What happens when a teacher is given the opportunity to play? I spent some time playing with Scratch to get a sense of how my students might approach the task of designing their own video games. Here's a screencast that I created to capture the process.
After the better part of a decade honing how I give written feedback, I’ve found a degree of success by sticking to certain practices.
As a longtime writing student and new instructor at the college level, Bad Ideas About Writing put into words the discomforts that I was already feeling about institutional attitudes towards “academic writing.” While these discomforts had been brewing for a long time, I was never quite sure how to express them - or whether I was even allowed to express them. In my undergrad program, and even as far back as high school, there had always seemed to be a general underlying...
Given that one needs a phone, tablet, or computer and service to access it, the Internet is not the great equalizer that it has been touted to be.
A more affordable, convenient, and well-organized source of knowledge is an unabridged dictionary. Recently, I picked up a free copy of the unabridged edition of The Random House Dictionary of the English Language. The copy had been abandoned, along with other household items, in a box marked “FREE STUFF” on the sidewalk.
Introducing new collection of resources that exemplify some of the best connected learning practices from Pittsburgh.
When I studied Latin during my freshmen year of college, I was astonished to learn that our English word sentence derived from the Latin sententia, which means feeling, thought, opinion, vote, judgment, determination, will, and--of course--sentence.
This post also appears on the marginalsyllab.us site.
Conferences are a traffic intersection. They are jam packed, a five lane road that crosses a one way street with a slow light. There are jaywalkers and honkers, texters and screamers. On occasion, someone gets out of the car, slams the door self-righteously, and we all watch in fascination. While conferences may seem as streamlined as meeting in a room and listening to others talk about teaching, they are as complex and chaotic as anything else.
What happens when teens from St. Louis neighborhoods come together with cameras, microphones, and laptops at UMSL Grand Center? OneCity Stories welcomed high school students, partners from St. Louis media businesses, and teachers to establish a new publishing outlet for St. Louis youth. Besides the thirteen youth writers and the dedicated staff, three transformation points contributed to the evolution of empowered teen voices at OneCity Stories.
In my online tech class we previously watched a movie and discussed the issues with bullying. Our professor posted these two links and asked that they would be added to our PLN. The one is a guide to the movie we watched called "Bully", it is a documentary based film. The other link is called the Bully Project where you can make a pledge and read more about bullying in todays schools. The thinks are provided below.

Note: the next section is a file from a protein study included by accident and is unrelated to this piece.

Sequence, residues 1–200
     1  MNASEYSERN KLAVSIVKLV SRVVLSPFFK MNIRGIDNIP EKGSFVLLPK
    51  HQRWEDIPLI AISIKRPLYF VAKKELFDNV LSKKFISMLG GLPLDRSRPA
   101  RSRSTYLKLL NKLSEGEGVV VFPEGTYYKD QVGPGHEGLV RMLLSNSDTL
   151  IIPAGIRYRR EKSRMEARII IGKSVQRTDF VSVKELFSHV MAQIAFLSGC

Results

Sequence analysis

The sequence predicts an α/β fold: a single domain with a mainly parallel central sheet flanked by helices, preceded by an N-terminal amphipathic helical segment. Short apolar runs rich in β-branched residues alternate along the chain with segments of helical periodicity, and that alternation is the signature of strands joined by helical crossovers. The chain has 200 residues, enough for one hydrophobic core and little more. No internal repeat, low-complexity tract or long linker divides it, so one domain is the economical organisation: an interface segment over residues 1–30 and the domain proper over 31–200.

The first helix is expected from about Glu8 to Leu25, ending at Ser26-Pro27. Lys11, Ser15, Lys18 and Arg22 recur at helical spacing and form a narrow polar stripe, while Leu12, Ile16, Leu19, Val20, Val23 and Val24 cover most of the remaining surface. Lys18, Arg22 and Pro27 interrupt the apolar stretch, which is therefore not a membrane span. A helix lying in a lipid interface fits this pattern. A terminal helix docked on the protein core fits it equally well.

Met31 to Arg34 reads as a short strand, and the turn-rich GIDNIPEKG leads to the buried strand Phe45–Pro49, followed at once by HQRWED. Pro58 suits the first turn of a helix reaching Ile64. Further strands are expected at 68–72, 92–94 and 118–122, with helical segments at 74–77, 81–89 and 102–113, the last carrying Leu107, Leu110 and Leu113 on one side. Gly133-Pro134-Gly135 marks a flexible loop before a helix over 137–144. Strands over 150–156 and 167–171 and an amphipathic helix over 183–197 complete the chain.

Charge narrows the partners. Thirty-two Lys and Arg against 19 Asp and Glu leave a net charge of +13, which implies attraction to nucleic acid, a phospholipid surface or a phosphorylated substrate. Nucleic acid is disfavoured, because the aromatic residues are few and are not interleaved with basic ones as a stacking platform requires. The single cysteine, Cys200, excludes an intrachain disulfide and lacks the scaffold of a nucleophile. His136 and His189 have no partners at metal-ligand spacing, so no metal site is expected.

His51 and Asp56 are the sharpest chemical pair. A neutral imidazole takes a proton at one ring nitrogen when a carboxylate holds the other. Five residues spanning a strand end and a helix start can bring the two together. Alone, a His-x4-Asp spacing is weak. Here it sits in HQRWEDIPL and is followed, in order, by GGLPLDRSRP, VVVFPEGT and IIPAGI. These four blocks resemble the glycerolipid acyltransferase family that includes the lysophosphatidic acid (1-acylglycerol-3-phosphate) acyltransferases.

As part of the collaborative, online annotation project, “Writing Our Civic Futures,” a reader created the following note in the digital margin of Henry Jenkins’ post, “How Young Activists Deploy Digital Tools for Social Change”:
Bastrop ISD and Heart of Texas WP have partnered to form the Choice and Voice team for the LRNG grant. Our work is underway as we link Bastrop, TX K-4 teachers with community leaders to find innovative ways to share young students' writing out in the community. Check out our work so far!
The goal of our project was to explore connected learning by connecting in-school and out of school learning in a juvenile detention center through music and video projects designed to be self-reflective stories of how the students define freedom.
Our group of high school students had arrived via van, to the world famous home of monumental outdoor sculpture: Storm King Art Center. They had been told their English class would focus on Art and Social Justice, and this was part of the class. Once a week we would visit the center and write.
How do you teach to, teach for, embody, inspire, or facilitate discussions about civic engagement in your context, subject area, or space?
How do you teach to, teach for, embody, inspire, or facilitate discussions about civic engagement in your context, subject area, space?
This past semester, I invited several folks who participated in the past to come and share with my current class about their work and reflections on Connected Learning and teaching. I also had a chance recently to hear from several of past ED677ers in a panel discussion at Arcadia University in relation to a meeting on Connected Learning in Teacher Education. Below then is a set of compiled thoughts, notes and quotes from this work and those discussions.